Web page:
UPPER WEST SIDE — Eating and cooking with flowers is a trend that's currently riding high in the U.S., but they've been part of the Italian diet for a long time.
"Italians are known to eat almost anything that comes out of the garden," explained Craig Wallen, head chef at the Italian seasonal ingredient-driven restaurant 'Cesca on the Upper West Side. Zucchini blossoms are a staple in Italy especially in the area near Rome, he said.
The blossoms, which can be found at farmers markets across the city, including from Windfall Farms at the Union Square Greenmarket, add a pop of color to a dish.
Unlike the vegetable itself, the flavor of which is mellowed by the water, sugars and starch inside it, the flower has a distinct and slightly stronger zucchini flavor, but one that's not overpowering, Wallen said.
At 'Cesca, Wallen stuffs the blossoms with a ricotta mixture that has just a dash of finely chopped anchovies for an umami flavor. He lightly fries them in a tempura batter before serving them with marinara or a zucchini puree or on their own.
Wallen shared his recipe with DNAinfo New York:
Crispy Squash Blossoms with Smoked Mozzarella, Ricotta and Braised Zucchini
12-15 large zucchini flowers serve three to four people.
Ingredients for the Tempura Batter:
1 cup all-purpose flour
1 cup cornstarch
2 teaspoons salt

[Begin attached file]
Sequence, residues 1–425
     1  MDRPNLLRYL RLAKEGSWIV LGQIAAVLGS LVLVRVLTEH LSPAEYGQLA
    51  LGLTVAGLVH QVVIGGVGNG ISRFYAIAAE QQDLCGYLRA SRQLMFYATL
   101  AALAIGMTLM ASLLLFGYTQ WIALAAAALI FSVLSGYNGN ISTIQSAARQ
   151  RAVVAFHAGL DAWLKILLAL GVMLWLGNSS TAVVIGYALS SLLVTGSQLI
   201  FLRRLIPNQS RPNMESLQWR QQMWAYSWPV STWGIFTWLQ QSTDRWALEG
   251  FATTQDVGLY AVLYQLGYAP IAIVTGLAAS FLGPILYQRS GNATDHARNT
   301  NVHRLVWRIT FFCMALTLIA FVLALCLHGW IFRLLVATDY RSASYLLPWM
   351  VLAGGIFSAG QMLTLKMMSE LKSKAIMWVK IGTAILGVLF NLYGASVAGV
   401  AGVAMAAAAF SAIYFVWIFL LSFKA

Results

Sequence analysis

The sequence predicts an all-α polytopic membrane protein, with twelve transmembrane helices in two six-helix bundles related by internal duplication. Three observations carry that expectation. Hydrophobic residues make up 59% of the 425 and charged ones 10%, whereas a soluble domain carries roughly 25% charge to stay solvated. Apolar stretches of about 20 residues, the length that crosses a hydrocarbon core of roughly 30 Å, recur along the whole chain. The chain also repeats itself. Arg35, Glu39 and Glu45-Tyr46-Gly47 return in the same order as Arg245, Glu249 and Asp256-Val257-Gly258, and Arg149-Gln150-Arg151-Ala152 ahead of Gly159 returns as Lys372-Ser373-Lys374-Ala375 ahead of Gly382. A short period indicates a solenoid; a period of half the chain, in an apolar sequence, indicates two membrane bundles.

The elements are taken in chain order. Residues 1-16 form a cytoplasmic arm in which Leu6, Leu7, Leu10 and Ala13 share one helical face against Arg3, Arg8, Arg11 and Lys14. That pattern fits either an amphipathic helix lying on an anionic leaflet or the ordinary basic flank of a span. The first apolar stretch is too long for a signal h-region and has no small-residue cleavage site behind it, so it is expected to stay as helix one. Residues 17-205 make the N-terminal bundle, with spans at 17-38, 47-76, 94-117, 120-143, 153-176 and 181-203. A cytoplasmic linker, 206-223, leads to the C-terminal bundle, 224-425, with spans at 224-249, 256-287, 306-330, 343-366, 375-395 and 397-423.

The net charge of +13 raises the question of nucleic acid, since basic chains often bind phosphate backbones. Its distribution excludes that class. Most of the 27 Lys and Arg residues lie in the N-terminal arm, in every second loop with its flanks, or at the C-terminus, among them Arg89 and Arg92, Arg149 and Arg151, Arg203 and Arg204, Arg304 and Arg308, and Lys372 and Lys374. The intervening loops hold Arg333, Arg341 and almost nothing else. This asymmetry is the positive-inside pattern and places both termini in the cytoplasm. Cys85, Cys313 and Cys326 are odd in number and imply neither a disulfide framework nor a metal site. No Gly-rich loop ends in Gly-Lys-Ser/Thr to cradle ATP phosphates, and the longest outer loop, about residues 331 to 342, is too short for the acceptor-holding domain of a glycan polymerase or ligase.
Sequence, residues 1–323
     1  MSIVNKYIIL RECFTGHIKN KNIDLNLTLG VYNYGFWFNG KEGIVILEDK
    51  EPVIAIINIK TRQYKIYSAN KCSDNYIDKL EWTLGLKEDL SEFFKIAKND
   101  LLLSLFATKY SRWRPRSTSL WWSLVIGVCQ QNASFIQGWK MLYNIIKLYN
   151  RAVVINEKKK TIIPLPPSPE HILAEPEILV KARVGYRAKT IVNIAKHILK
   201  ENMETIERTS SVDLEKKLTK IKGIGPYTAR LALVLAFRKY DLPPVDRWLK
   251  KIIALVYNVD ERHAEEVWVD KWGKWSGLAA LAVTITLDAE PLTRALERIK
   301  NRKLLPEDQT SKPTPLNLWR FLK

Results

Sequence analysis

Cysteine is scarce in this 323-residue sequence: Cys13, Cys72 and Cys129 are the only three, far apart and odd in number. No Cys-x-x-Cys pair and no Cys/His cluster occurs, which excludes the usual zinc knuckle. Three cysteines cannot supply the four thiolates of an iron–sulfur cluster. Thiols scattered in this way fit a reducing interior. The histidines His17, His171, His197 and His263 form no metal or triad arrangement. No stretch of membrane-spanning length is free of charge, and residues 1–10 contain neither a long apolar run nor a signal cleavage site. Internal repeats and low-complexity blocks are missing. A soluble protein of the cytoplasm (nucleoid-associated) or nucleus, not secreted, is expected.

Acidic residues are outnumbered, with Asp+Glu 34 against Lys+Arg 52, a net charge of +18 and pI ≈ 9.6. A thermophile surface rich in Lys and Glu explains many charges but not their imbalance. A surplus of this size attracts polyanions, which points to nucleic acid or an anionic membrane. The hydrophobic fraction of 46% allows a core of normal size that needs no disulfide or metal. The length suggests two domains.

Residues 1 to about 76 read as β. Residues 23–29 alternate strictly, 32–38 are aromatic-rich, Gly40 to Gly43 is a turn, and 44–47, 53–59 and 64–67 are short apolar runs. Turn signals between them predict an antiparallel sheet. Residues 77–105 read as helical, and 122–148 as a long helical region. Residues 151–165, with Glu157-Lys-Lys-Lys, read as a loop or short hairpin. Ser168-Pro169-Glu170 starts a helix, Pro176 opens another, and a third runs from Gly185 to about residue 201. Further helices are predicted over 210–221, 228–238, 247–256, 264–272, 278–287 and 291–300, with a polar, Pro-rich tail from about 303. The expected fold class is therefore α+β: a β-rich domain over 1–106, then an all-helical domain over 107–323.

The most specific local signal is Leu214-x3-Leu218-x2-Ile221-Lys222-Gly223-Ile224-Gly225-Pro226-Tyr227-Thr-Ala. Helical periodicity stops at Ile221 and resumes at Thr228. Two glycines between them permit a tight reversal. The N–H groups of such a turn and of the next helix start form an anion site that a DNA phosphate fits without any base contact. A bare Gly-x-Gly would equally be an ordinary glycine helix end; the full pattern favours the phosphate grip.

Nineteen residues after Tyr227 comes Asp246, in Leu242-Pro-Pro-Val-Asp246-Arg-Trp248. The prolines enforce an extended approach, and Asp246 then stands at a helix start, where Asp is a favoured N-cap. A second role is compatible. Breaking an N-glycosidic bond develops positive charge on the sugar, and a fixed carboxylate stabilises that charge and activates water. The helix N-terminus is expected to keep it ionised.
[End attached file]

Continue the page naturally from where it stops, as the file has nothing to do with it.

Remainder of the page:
2 teaspoons baking powder
1 to 1 ½ cups club soda or sparkling water
Mix all dry ingredients together in a medium-sized bowl. Slowly whisk in water until a loose batter forms. Note that some lumps are fine; don’t over-mix. The batter should be the consistency of cream — just thick enough to cling to the flowers, but mostly drips off when held up, leaving a thin coating.
Ingredients for the filling:
2 cups ricotta cheese
2 tablespoons Parmigiano, grated
1 teaspoon finely minced anchovy
1 egg (optional)
Salt and pepper, to taste
1. Mix ingredients of filling together evenly and put in a Ziploc bag.
2. Cut corner off of the bag and pipe into flower while gently holding the petals open.
3. Twist the tips of the petals together at the top to seal the filling inside the flower as much as possible.
4. Fill a large pot less than half-way with canola oil and, using a food thermometer to measure the temperature, heat to 375 degrees.
5. Dip the filled flowers in the batter and hold above the dipping bowl for a moment to let the excess drip off. Gently drop the filled blossoms one at a time into oil in a motion that lets them fall away from your hand, so that oil doesn't splatter.
6. With a slotted spoon, flip at least once to cook evenly on all sides. Total frying time should be a minute to a minute and a half. The batter does not need to achieve a deep brown color, just crispiness.
7. Serve with marinara sauce.